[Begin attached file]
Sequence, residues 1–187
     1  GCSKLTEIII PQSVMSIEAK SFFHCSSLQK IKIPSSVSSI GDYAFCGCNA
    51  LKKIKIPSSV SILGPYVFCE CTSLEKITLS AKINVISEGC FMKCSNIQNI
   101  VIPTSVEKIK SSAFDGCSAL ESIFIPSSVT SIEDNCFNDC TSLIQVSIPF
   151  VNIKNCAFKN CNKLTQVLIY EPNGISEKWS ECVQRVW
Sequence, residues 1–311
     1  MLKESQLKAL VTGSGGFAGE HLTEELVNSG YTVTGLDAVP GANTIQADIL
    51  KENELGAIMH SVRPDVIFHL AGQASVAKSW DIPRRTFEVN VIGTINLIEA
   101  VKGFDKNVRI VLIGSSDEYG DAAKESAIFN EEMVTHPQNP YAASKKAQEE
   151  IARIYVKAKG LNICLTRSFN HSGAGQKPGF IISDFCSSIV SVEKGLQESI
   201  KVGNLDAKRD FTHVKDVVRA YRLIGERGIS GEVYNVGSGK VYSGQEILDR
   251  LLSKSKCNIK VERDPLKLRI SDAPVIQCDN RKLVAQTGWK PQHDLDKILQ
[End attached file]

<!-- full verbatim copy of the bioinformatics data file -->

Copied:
Sequence, residues 1–187
     1  GCSKLTEIII PQSVMSIEAK SFFHCSSLQK IKIPSSVSSI GDYAFCGCNA
    51  LKKIKIPSSV SILGPYVFCE CTSLEKITLS AKINVISEGC FMKCSNIQNI
   101  VIPTSVEKIK SSAFDGCSAL ESIFIPSSVT SIEDNCFNDC TSLIQVSIPF
   151  VNIKNCAFKN CNKLTQVLIY EPNGISEKWS ECVQRVW
Sequence, residues 1–311
     1  MLKESQLKAL VTGSGGFAGE HLTEELVNSG YTVTGLDAVP GANTIQADIL
    51  KENELGAIMH SVRPDVIFHL AGQASVAKSW DIPRRTFEVN VIGTINLIEA
   101  VKGFDKNVRI VLIGSSDEYG DAAKESAIFN EEMVTHPQNP YAASKKAQEE
   151  IARIYVKAKG LNICLTRSFN HSGAGQKPGF IISDFCSSIV SVEKGLQESI
   201  KVGNLDAKRD FTHVKDVVRA YRLIGERGIS GEVYNVGSGK VYSGQEILDR
   251  LLSKSKCNIK VERDPLKLRI SDAPVIQCDN RKLVAQTGWK PQHDLDKILQ